Hormone receptor positive cancer
The first treatment of choice for women with hormone receptor-positive malignancies is hormone therapy (oestrogen or progesterone) (tamoxifen or an aromatase inhibitor drug). As part of combination therapy, a medication such as a CDK4/6 inhibitor, a PI3K inhibitor, or everolimus could also be used.
Tamoxifen or other treatments that stop the ovaries from producing hormones are frequently prescribed to women who are not yet menopausal.
Hormone receptor negative cancer
Chemotherapy is the primary treatment for hormone-negative tumors (tumors arising from estrogen and progesterone receptors) among women owing to the ineffectiveness of hormone therapy.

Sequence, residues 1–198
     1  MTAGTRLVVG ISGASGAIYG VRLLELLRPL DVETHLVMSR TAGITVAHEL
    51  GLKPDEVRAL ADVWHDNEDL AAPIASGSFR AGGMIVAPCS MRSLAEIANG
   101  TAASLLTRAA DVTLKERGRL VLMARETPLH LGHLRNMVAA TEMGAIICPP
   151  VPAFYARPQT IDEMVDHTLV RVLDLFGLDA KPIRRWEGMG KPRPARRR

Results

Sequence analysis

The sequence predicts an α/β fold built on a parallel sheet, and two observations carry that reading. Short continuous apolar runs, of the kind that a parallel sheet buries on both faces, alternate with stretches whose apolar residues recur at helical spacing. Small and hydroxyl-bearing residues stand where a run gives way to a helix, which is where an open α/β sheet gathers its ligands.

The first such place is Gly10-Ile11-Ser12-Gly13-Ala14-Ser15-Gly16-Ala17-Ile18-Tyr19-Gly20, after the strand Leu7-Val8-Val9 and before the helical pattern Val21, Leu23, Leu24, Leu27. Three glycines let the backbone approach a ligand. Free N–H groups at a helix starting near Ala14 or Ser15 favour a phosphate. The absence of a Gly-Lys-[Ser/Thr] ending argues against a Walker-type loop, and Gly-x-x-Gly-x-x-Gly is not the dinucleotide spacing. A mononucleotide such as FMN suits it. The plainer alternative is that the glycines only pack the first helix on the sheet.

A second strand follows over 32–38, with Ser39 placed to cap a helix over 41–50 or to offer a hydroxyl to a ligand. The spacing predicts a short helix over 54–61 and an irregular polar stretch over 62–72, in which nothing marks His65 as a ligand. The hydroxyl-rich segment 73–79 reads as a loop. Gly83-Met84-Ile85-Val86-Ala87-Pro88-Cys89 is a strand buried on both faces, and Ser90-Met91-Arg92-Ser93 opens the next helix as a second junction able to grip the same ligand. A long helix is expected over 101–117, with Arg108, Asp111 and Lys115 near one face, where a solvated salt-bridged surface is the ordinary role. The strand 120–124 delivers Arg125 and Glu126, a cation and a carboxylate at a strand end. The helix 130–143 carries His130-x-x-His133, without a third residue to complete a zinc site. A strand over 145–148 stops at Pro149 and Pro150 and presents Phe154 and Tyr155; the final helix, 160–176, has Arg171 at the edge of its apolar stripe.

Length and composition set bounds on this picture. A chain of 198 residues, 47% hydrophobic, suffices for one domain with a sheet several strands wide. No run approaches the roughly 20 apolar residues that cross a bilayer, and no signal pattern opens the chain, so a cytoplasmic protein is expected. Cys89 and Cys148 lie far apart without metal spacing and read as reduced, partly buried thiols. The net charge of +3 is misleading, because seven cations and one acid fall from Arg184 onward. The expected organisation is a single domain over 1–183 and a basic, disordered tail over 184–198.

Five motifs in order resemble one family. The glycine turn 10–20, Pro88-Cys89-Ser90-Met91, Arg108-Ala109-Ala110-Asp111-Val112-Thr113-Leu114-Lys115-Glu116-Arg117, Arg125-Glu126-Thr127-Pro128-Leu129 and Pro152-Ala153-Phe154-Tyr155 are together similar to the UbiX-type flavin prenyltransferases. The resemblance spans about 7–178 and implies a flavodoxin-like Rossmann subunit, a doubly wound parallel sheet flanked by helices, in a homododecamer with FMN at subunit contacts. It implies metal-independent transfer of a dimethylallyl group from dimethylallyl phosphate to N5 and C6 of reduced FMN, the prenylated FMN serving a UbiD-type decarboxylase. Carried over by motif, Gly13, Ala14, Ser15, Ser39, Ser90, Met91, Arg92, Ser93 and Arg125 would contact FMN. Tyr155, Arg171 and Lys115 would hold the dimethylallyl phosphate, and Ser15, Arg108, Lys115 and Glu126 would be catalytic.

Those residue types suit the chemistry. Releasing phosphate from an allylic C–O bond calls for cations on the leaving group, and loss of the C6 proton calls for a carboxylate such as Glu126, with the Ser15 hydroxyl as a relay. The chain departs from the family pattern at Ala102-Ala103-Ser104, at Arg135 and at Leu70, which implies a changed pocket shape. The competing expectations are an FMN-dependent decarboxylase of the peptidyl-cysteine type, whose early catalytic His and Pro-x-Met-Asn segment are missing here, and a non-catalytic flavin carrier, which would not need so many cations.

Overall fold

Triple negative breast cancer treatment
The administration of immunotherapy medications in conjunction with chemotherapy might be recommended for people with triple-negative advanced breast cancer whose tumour produces the PD-L1 protein.
In about one out of every five women who have triple-negative breast cancer, the PD-L1 protein is expressed. Women with TNBC with a BRCA mutation may be considered candidates for PARP inhibitors (such as olaparib or talazoparib).
Breast tumors with high levels of gene mutations known as microsatellite instability (MSI) or abnormalities in any of the mismatch repair genes (MLH1, MSH2, MSH6, and PMS2) can be treated by immunotherapy with the drug pembrolizumab. Pembrolizumab may also be an option for those with TNBC involving other genes or proteins.
There is no specific gene or protein change in TNBC that can be treated with chemotherapy alone or with the antibody-drug conjugate sacituzumab govitecan (Trodelvy).